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Exhaled leukotrienes and prostaglandins in asthma.
J Allergy Clin Immunol. 2002 Apr; 109(4):615-20.JA

Abstract

BACKGROUND

Most of the studies investigating the role of leukotrienes (LTs) and prostaglandins (PGs) in asthma have used invasive (eg, bronchoalveolar lavage fluid) or semi-invasive (eg, sputum induction) techniques. Others have measured eicosanoids in plasma or urine, probably reflecting systemic rather than lung inflammation. Collection of exhaled breath condensate (EBC) is a noninvasive method to collect airway secretions.

OBJECTIVE

We sought to investigate whether eicosanoids are measurable in EBC, to show possible differences in their concentrations in asthmatic patients and healthy subjects, and to investigate whether exhaled eicosanoids correlate with exhaled nitric oxide (NO), a marker of airway inflammation.

METHODS

Twelve healthy nonsmokers and 15 steroid-naive patients with mild asthma were studied. Subjects attended on one occasion for pulmonary function tests, collection of EBC, and exhaled NO measurements. Exhaled LTB(4)-like immunoreactivity, LTE(4)-like immunoreactivity, PGE(2)-like immunoreactivity, PGD(2)-methoxime, PGF(2)(alpha)-like immunoreactivity, and thromboxane B(2)-like immunoreactivity were measured by means of enzyme immunoassays.

RESULTS

LTE(4)-like immunoreactivity and LTB(4)-like immunoreactivity were detectable in EBC in healthy subjects, and their levels in asthmatic patients were increased about 3-fold (P <.0001) and 2-fold (P <.0005), respectively. Exhaled NO was increased in asthmatic patients compared with healthy subjects (P <.0001). There was a correlation between exhaled LTB(4) and exhaled NO (r = 0.56, P <.04) in patients with asthma. When measurable, prostanoid levels were similar in asthmatic patients and control subjects.

CONCLUSIONS

Exhaled LTE(4) and LTB(4) are increased in steroid-naive patients with mild asthma. EBC may be proved to be a novel method to monitor airway inflammation in asthma.

Authors+Show Affiliations

Department of Pharmacology, School of Medicine, Catholic University of the Sacred Heart, Rome, Italy.No affiliation info available

Pub Type(s)

Journal Article
Research Support, U.S. Gov't, P.H.S.

Language

eng

PubMed ID

11941309

Citation

Montuschi, Paolo, and Peter J. Barnes. "Exhaled Leukotrienes and Prostaglandins in Asthma." The Journal of Allergy and Clinical Immunology, vol. 109, no. 4, 2002, pp. 615-20.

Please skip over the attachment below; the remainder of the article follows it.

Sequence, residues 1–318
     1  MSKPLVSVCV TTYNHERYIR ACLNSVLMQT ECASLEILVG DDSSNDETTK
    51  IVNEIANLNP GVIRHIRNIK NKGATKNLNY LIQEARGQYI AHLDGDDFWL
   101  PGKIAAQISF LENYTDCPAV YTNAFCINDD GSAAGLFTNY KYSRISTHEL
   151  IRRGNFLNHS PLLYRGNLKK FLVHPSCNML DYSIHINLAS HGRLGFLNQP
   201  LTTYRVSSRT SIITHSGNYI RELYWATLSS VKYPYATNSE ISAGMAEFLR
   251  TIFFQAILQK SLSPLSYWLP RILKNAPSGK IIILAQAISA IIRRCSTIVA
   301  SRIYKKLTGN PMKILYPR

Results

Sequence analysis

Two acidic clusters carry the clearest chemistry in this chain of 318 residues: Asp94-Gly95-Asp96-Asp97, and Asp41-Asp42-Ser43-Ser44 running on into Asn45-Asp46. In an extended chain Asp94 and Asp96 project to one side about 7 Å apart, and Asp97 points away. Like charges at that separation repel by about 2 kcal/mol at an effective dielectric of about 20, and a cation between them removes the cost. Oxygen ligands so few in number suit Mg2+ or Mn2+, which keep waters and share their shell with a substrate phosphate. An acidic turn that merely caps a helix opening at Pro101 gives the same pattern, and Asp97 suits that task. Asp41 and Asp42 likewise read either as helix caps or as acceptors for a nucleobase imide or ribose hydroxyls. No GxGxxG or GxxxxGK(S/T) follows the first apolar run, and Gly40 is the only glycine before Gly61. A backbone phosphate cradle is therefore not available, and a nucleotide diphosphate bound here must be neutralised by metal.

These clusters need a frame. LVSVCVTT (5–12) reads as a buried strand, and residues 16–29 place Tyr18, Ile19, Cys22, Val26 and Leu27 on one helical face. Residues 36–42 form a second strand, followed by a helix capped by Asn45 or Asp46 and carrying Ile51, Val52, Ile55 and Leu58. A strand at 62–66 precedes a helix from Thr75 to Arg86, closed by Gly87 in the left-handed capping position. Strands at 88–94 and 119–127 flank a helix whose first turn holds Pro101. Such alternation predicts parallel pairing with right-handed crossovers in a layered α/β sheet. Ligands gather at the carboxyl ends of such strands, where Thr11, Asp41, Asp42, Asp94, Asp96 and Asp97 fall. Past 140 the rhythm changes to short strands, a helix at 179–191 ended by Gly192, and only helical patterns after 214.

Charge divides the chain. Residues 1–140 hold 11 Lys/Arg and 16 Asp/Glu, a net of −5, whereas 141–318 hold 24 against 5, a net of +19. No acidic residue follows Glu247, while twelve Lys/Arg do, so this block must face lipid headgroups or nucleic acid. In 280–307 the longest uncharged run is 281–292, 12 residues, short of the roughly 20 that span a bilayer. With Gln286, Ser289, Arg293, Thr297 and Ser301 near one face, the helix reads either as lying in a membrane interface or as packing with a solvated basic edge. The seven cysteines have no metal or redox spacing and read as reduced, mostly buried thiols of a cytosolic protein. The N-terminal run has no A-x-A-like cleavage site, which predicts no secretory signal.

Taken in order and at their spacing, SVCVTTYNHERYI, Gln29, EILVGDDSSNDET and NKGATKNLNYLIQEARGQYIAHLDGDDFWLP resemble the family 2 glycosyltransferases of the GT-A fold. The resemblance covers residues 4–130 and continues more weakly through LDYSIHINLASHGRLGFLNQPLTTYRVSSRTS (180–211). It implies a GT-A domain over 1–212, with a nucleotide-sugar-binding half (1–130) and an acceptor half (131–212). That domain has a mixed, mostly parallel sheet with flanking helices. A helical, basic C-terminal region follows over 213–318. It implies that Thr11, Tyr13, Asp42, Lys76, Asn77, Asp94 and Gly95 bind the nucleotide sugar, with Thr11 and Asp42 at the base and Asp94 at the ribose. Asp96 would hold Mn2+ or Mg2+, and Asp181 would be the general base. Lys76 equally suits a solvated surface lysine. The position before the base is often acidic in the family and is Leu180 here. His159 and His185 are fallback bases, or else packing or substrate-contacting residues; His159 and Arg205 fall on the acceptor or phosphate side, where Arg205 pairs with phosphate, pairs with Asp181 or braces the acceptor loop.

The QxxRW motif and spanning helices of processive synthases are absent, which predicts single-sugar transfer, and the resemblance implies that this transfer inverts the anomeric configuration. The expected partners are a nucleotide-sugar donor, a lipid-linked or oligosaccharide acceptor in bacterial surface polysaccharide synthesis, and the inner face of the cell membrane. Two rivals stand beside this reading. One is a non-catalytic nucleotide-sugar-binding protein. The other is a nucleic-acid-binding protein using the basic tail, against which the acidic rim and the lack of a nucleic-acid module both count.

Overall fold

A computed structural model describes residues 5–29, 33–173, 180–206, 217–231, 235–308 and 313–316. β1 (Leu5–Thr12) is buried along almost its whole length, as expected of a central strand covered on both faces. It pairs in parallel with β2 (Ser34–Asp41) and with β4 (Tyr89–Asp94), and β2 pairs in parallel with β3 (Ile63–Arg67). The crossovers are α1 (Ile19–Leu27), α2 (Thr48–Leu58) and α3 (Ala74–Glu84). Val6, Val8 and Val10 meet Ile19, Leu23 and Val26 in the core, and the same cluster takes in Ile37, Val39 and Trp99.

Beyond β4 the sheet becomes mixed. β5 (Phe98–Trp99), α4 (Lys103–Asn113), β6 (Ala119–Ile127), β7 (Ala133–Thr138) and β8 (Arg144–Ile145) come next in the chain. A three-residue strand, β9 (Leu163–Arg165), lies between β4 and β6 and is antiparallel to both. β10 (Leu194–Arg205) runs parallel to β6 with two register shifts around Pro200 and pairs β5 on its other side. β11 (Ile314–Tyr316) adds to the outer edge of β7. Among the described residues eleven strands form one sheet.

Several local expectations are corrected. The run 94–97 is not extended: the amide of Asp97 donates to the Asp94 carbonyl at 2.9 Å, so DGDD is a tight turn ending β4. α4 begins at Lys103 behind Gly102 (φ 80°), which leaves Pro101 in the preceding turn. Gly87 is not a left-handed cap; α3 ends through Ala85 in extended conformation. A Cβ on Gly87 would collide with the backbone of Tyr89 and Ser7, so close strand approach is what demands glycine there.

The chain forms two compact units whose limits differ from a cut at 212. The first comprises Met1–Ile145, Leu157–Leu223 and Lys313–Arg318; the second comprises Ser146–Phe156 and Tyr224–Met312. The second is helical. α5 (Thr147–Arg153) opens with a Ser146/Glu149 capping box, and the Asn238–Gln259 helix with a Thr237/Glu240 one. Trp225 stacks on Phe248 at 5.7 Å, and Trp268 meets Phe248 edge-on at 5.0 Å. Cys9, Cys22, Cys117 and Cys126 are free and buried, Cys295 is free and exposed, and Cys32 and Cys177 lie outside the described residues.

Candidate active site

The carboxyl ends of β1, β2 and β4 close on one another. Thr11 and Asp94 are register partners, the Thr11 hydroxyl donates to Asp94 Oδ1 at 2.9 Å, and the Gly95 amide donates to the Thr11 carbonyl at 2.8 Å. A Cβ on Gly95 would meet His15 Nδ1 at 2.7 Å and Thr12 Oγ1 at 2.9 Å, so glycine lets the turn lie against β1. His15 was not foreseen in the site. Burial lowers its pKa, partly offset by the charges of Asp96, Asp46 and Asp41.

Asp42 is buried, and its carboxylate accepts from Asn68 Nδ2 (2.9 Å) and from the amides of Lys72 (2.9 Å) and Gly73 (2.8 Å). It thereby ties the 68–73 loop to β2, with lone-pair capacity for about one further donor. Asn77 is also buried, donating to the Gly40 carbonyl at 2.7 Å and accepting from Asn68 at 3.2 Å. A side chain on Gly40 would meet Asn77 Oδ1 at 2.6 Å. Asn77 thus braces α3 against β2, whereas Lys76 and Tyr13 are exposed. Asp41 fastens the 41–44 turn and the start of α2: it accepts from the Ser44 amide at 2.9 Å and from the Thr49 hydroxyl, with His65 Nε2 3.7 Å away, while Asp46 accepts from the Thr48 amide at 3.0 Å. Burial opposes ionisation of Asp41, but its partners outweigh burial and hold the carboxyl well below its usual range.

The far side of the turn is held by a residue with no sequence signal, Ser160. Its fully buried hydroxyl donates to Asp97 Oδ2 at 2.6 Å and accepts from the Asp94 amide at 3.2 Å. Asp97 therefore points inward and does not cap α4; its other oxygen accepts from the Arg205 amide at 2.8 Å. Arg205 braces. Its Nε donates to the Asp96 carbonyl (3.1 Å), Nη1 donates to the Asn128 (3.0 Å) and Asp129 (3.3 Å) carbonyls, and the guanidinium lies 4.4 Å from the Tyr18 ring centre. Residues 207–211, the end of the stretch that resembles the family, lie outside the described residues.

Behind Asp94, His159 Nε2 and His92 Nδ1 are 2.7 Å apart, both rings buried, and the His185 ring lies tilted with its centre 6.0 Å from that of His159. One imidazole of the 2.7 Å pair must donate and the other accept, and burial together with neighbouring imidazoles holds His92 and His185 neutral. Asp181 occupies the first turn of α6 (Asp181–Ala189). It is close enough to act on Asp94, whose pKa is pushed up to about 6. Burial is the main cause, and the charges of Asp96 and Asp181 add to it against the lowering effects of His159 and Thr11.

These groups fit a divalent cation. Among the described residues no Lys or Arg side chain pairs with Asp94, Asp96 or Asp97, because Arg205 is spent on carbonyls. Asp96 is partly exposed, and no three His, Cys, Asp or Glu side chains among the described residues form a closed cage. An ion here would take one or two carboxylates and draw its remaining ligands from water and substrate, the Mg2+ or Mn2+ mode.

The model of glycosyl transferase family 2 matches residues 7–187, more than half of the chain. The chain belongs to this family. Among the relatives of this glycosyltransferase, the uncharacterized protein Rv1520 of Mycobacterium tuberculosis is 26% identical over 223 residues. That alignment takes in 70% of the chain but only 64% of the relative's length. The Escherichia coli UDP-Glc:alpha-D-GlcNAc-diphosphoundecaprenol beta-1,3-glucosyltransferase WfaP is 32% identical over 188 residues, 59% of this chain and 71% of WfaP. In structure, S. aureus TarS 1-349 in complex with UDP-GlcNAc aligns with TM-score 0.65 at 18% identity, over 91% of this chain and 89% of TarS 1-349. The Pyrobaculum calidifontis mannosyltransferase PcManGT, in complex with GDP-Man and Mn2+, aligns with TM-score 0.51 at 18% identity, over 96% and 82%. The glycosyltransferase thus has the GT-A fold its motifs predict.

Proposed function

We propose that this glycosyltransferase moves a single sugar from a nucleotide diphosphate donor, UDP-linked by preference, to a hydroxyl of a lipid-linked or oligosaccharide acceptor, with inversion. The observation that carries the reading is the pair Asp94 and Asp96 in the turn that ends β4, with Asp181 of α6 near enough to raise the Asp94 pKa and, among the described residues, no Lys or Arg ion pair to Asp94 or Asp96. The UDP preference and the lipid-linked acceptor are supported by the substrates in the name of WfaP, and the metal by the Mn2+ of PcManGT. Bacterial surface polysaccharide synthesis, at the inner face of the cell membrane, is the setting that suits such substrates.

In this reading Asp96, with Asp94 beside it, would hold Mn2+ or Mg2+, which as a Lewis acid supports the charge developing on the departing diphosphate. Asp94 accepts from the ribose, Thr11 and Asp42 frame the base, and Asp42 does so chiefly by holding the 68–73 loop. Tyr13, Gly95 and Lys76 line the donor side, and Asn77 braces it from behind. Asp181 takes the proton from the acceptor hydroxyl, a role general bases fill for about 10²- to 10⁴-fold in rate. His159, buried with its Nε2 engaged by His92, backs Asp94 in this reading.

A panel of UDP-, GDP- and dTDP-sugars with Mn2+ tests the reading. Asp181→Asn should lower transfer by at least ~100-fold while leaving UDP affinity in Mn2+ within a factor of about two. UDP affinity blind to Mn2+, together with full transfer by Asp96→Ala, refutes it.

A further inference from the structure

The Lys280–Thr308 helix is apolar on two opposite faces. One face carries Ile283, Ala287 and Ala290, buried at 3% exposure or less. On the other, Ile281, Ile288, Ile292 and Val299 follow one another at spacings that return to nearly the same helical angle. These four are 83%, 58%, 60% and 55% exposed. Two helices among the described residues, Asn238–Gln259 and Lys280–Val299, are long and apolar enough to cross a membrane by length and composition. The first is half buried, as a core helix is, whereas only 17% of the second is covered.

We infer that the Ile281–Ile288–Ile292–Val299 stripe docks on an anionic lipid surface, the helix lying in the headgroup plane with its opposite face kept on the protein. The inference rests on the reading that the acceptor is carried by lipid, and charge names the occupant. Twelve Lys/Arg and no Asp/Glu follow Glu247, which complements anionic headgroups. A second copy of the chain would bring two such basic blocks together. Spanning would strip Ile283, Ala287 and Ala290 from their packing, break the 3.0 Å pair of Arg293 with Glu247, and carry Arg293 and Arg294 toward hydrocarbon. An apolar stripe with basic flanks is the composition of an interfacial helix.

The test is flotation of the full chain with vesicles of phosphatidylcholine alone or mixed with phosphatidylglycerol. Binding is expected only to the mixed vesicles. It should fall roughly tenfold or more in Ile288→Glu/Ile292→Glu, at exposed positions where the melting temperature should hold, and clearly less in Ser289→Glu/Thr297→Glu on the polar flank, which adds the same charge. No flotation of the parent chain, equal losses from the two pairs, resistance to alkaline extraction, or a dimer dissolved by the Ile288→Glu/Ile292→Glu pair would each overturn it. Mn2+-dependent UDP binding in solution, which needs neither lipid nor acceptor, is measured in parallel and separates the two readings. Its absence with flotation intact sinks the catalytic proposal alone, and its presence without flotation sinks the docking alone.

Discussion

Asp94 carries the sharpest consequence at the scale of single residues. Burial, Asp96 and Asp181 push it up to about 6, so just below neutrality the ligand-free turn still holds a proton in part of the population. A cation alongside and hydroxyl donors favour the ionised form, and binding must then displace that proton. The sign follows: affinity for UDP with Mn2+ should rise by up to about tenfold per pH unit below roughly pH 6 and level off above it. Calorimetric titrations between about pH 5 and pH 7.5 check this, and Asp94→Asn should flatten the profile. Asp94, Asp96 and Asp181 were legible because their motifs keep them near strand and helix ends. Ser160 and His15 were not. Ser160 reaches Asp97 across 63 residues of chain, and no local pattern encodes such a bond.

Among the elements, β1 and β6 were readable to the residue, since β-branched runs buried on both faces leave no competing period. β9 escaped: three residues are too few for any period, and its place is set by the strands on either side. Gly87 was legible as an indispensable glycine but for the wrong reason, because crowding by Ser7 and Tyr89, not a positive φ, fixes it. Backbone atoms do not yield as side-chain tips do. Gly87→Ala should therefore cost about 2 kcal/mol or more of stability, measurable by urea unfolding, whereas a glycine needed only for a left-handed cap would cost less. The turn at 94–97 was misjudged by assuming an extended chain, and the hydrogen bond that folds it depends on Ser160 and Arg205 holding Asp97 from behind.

Montuschi P, Barnes PJ. Exhaled leukotrienes and prostaglandins in asthma. J Allergy Clin Immunol. 2002;109(4):615-20.
Montuschi, P., & Barnes, P. J. (2002). Exhaled leukotrienes and prostaglandins in asthma. The Journal of Allergy and Clinical Immunology, 109(4), 615-20.
Montuschi P, Barnes PJ. Exhaled Leukotrienes and Prostaglandins in Asthma. J Allergy Clin Immunol. 2002;109(4):615-20. PubMed PMID: 11941309.
* Article titles in AMA citation format should be in sentence-case
TY - JOUR T1 - Exhaled leukotrienes and prostaglandins in asthma. AU - Montuschi,Paolo, AU - Barnes,Peter J, PY - 2002/4/10/pubmed PY - 2002/5/10/medline PY - 2002/4/10/entrez SP - 615 EP - 20 JF - The Journal of allergy and clinical immunology JO - J Allergy Clin Immunol VL - 109 IS - 4 N2 - BACKGROUND: Most of the studies investigating the role of leukotrienes (LTs) and prostaglandins (PGs) in asthma have used invasive (eg, bronchoalveolar lavage fluid) or semi-invasive (eg, sputum induction) techniques. Others have measured eicosanoids in plasma or urine, probably reflecting systemic rather than lung inflammation. Collection of exhaled breath condensate (EBC) is a noninvasive method to collect airway secretions. OBJECTIVE: We sought to investigate whether eicosanoids are measurable in EBC, to show possible differences in their concentrations in asthmatic patients and healthy subjects, and to investigate whether exhaled eicosanoids correlate with exhaled nitric oxide (NO), a marker of airway inflammation. METHODS: Twelve healthy nonsmokers and 15 steroid-naive patients with mild asthma were studied. Subjects attended on one occasion for pulmonary function tests, collection of EBC, and exhaled NO measurements. Exhaled LTB(4)-like immunoreactivity, LTE(4)-like immunoreactivity, PGE(2)-like immunoreactivity, PGD(2)-methoxime, PGF(2)(alpha)-like immunoreactivity, and thromboxane B(2)-like immunoreactivity were measured by means of enzyme immunoassays. RESULTS: LTE(4)-like immunoreactivity and LTB(4)-like immunoreactivity were detectable in EBC in healthy subjects, and their levels in asthmatic patients were increased about 3-fold (P <.0001) and 2-fold (P <.0005), respectively. Exhaled NO was increased in asthmatic patients compared with healthy subjects (P <.0001). There was a correlation between exhaled LTB(4) and exhaled NO (r = 0.56, P <.04) in patients with asthma. When measurable, prostanoid levels were similar in asthmatic patients and control subjects. CONCLUSIONS: Exhaled LTE(4) and LTB(4) are increased in steroid-naive patients with mild asthma. EBC may be proved to be a novel method to monitor airway inflammation in asthma. SN - 0091-6749 UR - https://www.unboundmedicine.com/medline/citation/11941309/Exhaled_leukotrienes_and_prostaglandins_in_asthma_ L2 - https://linkinghub.elsevier.com/retrieve/pii/S0091674902499009 DB - PRIME DP - Unbound Medicine ER -